Searching \ for '[EE] Re: How is this transceiver speed possible?' in subject line. ()
Make payments with PayPal - it's fast, free and secure! Help us get a faster server
FAQ page: techref.massmind.org/techref/index.htm?key=how+transceiver
Search entire site for: 'Re: How is this transceiver speed possible?'.

Exact match. Not showing close matches.
PICList Thread
'[EE] Re: How is this transceiver speed possible?'
2011\10\29@124034 by Herbert Graf

picon face
On Sat, 2011-10-29 at 11:20 -0400, V G wrote:
> Hi Herbert,
>
>
> Just a quick question about the Spartan FPGAs. The Spartan 3E FPGAs
> can do up to 666Mbit/s via LVDS and you said that was possible by
> sampling on both clock edges. The Spartan 6 FPGAs have either
> 1080Mbit/s (LX series) or 3.125Gbit/s (GTP tranceivers on the LXT) IO.
>
>
> I think the Spartan 6 has up to 540MHz operation and can signal at
> 1080Mbit/s. But what about the LXT? How can it signal at 3.125Gbit/s?
> Is it some sort of parallel in, serial out transceiver?
> You have to start looking at more then just the raw speeds of the IOs
and look more closely at what those speeds refer to.

You're right, a "normal" IO is in no way capable of switching at
3.125GHz using fabric. What that number refers to is the RocketIO
transceiver in those parts.

To support high speed serial protocols like PCIE, SATA, Ethernet, etc,
FPGAs for years have had high speed serial-parallel transceivers. Xilinx
called theirs RocketIO (I think they are deprecating that name, I hear
it less and less in conversation). There have been several generations,
the V6 parts have some IOs that support serial speeds of I think
10-12Gbps.

Again, how the fabric deals with such fantastic speeds is through
parallelism. If you look up the GTP transceiver you'll see that it's
high speed side is single bit differential, while it's low side speed is
likely 10 or 20 bits wide (I'm guessing, it could be other widths
depending how you configure the block in coregen).

TTYL
>
>
>

2011\10\29@130732 by V G

picon face
On Sat, Oct 29, 2011 at 12:40 PM, Herbert Graf <spam_OUThkgrafTakeThisOuTspamgmail.com> wrote:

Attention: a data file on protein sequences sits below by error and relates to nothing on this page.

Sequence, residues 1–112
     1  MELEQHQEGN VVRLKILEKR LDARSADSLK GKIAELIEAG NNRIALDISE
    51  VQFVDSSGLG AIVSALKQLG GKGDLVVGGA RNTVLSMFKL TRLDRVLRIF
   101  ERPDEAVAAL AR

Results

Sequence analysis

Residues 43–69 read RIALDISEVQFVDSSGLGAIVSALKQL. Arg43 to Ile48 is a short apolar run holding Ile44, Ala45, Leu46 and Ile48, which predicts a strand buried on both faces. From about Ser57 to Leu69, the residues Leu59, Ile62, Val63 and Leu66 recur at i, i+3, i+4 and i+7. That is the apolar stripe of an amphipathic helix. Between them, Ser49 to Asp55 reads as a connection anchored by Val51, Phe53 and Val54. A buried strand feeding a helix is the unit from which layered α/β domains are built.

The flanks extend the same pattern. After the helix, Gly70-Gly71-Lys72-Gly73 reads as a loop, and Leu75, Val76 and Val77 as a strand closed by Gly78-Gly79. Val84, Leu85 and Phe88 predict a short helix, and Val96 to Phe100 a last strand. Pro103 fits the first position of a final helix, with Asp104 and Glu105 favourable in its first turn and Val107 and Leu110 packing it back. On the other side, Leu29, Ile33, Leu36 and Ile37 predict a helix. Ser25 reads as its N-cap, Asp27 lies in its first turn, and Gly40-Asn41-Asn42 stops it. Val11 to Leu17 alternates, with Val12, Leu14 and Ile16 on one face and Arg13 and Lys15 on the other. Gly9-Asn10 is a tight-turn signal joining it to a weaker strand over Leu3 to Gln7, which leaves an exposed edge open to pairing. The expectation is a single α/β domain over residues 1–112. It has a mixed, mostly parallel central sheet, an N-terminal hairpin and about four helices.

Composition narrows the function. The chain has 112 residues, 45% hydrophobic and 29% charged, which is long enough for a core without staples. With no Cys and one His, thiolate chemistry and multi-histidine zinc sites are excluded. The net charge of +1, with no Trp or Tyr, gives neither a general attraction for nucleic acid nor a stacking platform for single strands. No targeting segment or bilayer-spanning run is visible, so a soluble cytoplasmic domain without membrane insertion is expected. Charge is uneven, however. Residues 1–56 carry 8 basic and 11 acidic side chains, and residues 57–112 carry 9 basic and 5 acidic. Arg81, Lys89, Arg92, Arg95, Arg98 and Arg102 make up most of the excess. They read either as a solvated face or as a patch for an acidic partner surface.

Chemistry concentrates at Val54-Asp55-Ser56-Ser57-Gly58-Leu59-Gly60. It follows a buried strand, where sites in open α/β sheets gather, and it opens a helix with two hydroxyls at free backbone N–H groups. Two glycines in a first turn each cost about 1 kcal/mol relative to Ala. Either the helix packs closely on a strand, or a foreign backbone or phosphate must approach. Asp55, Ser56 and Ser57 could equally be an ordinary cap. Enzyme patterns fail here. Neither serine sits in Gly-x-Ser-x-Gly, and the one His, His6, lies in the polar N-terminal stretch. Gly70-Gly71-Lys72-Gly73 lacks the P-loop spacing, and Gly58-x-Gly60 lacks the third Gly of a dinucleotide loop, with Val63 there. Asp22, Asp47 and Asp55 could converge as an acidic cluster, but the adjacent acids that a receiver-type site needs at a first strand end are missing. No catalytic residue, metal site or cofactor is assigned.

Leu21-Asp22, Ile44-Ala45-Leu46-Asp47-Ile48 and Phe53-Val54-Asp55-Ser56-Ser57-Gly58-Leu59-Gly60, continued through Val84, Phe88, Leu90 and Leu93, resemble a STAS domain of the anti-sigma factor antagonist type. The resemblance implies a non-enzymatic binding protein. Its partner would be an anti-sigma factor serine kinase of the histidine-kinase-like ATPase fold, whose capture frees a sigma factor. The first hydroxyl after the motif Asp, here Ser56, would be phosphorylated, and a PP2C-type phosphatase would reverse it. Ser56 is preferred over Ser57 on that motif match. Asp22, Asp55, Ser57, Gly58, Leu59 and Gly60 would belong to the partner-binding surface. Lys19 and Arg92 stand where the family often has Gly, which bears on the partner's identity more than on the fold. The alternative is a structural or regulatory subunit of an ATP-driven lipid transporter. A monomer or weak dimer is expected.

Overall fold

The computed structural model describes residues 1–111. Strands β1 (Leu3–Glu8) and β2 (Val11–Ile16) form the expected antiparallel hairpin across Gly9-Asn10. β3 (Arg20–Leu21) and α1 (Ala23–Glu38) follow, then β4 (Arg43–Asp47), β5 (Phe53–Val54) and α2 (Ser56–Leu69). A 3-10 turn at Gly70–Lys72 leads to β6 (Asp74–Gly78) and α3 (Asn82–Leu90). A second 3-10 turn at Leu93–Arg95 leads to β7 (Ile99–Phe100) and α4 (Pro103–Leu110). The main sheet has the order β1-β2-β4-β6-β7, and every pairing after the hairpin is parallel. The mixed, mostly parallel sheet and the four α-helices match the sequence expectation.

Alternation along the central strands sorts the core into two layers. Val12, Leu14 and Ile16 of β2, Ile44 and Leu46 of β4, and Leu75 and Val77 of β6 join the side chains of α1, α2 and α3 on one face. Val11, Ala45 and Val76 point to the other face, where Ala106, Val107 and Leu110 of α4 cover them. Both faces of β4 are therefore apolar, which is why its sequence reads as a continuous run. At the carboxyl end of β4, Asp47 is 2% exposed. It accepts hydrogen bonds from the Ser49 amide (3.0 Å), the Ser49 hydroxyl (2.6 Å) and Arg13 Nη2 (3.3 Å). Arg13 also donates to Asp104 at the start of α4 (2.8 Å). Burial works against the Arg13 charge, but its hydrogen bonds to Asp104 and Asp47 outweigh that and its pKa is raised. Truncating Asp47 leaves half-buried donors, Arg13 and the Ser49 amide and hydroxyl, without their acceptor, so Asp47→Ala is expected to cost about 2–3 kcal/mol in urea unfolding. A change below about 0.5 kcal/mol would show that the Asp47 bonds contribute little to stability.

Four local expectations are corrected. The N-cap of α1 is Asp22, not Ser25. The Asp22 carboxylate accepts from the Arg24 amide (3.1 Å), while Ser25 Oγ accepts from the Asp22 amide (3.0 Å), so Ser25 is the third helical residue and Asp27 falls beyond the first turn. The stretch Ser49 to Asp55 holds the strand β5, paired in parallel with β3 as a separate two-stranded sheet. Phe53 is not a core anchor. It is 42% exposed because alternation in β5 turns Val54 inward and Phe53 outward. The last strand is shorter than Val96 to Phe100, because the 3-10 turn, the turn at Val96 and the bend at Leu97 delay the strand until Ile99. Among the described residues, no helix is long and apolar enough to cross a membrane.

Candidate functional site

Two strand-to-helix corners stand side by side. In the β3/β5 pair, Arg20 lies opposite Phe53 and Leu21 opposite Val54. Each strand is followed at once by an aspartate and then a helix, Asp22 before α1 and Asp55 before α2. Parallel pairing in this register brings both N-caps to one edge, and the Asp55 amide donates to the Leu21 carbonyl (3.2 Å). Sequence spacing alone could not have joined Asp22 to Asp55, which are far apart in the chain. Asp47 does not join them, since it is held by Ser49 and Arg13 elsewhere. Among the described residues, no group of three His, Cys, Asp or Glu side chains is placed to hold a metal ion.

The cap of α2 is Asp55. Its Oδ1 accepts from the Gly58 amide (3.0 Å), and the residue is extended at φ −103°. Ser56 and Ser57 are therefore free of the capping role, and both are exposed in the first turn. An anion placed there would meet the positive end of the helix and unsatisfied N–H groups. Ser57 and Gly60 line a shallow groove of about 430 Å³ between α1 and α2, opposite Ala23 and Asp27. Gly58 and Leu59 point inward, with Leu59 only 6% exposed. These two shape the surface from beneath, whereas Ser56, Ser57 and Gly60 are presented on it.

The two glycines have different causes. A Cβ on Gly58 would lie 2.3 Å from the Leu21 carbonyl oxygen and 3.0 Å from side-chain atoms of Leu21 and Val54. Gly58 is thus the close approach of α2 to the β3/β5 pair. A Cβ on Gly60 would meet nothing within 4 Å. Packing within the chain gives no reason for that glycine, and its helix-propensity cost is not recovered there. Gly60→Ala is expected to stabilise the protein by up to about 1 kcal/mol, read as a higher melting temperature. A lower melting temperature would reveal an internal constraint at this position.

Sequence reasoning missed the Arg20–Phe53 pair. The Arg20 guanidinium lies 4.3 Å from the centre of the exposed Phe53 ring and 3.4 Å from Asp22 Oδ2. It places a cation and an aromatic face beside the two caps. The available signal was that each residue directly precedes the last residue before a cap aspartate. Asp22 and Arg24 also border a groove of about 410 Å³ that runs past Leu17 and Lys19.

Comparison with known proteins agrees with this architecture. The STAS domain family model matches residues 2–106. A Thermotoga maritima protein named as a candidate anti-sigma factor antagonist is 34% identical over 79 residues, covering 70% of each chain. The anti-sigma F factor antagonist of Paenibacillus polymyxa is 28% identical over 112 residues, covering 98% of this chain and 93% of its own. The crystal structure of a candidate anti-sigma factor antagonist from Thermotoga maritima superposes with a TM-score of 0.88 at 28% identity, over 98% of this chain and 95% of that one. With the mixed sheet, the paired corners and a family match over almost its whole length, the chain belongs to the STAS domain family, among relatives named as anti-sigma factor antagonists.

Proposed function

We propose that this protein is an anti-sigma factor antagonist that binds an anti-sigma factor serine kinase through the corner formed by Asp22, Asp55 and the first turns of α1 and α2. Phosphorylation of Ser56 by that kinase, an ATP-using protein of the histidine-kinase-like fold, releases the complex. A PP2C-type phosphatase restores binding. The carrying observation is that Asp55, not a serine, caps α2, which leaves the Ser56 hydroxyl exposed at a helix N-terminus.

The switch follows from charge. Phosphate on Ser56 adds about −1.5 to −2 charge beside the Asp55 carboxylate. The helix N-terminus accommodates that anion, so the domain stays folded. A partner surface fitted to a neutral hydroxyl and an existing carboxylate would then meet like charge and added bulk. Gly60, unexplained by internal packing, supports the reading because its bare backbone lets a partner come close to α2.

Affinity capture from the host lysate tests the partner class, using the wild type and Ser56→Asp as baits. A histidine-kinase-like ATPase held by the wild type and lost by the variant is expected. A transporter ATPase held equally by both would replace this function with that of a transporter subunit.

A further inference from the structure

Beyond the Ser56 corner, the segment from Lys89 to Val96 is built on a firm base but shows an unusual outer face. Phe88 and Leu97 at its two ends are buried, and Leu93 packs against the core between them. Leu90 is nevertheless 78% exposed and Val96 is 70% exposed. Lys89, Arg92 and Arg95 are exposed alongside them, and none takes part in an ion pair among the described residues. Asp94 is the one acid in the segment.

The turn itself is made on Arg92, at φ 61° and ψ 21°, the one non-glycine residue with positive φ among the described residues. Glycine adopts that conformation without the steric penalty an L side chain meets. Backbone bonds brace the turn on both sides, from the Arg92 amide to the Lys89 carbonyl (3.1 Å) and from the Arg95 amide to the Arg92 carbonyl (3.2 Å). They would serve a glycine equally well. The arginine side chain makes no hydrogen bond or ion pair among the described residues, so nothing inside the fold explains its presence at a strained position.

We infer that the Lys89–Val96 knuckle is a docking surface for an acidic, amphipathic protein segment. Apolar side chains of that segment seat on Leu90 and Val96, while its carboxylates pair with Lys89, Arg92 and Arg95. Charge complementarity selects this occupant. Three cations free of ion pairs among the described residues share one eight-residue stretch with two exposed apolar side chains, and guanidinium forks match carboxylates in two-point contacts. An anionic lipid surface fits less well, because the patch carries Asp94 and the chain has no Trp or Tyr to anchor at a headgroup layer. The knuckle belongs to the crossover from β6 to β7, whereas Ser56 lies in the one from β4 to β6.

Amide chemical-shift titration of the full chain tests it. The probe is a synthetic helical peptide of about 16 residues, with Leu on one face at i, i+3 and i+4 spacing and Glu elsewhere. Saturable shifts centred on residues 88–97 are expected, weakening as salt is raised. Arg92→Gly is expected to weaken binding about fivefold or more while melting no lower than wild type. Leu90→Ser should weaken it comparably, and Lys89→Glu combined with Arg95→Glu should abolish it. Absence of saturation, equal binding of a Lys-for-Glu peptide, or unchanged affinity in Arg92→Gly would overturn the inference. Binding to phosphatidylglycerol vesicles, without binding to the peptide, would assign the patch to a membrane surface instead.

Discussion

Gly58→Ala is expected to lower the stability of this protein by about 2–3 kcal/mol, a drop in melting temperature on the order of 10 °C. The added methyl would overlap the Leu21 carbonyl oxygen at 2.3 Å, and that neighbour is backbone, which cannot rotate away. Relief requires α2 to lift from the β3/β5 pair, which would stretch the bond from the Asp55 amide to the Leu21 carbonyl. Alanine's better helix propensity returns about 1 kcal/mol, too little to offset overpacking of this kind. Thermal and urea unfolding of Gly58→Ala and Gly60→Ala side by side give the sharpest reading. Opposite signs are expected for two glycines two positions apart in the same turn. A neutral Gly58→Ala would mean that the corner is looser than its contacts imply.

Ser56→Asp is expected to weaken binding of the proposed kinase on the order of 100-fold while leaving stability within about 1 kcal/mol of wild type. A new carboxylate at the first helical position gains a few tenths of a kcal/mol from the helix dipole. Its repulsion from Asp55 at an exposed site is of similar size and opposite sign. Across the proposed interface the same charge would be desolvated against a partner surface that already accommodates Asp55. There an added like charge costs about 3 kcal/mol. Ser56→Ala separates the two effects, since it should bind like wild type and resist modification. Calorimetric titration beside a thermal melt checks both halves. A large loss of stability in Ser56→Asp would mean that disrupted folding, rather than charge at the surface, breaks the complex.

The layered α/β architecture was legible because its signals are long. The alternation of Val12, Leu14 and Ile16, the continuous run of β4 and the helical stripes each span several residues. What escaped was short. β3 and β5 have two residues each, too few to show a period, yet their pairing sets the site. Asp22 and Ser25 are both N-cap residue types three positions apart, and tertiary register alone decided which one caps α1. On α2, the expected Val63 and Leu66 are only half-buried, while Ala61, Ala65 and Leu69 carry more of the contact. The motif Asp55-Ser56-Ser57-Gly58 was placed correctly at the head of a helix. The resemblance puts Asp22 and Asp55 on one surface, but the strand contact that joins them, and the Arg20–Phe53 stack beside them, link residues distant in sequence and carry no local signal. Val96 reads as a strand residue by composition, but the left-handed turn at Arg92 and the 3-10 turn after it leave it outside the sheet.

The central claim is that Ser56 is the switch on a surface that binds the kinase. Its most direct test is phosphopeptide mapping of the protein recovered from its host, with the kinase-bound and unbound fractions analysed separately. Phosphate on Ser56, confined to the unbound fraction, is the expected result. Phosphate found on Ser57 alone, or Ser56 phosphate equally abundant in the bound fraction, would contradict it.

> You're right, a "normal" IO is in no way capable of switching at
> 3.125GHz using fabric.


Which makes me wonder how desktop CPUs switch at over 3GHz internally, and
2GHz(1GHz?) on the front side bus (which is IO).


{Quote hidden}

Thank you, that's exactly what I was wondering

2011\10\29@165352 by Sean Breheny

face picon face
I always used to wonder this, too, but I think that the answer is that
internal interconnects can have FAR less capacitance than ones that
have to make it out to the outside of the chip. The primary limitation
on digital gate switching time is how fast the FETs can charge and
discharge the parasitic capacitance which is connected to their
output. A 3 mm long bond wire connected to a bond pad on one side and
the output pin on the other has much more capacitance than a 10
micron-long trace within the die.

Sean


On Sat, Oct 29, 2011 at 1:07 PM, V G <.....x.solarwind.xKILLspamspam@spam@gmail.com> wrote:
{Quote hidden}

>

2011\10\30@160415 by Herbert Graf

picon face
On Sat, 2011-10-29 at 13:07 -0400, V G wrote:
> On Sat, Oct 29, 2011 at 12:40 PM, Herbert Graf <.....hkgrafKILLspamspam.....gmail.com>
> wrote:
>        
>         You're right, a "normal" IO is in no way capable of switching
>         at
>         3.125GHz using fabric.
>
>
> Which makes me wonder how desktop CPUs switch at over 3GHz internally,
> and 2GHz(1GHz?) on the front side bus (which is IO).

Same as how the hi speed transceivers in FPGAs do it: through VERY
careful design.

CPUs are massively pipelined beasts, with tons of custom logic (vs.
things like GPUs which tend to use the fab libraries for pretty much all
logic). Since everything is set in stone when the CPU is designed paths
can be optimized as much as possible for speed.

In an FPGA the tradoff of near infinite logic flexibility is relatively
large distances between chunks of logic. That is why the equivalent
amount of logic in an FPGA uses MUCH less die area in an ASIC. You can
design a transistor to switch really really fast, but if the next
transistor is a fair distance away you'll only be able to run that logic
at some much lower speed.

TTYL

More... (looser matching)
- Last day of these posts
- In 2011 , 2012 only
- Today
- New search...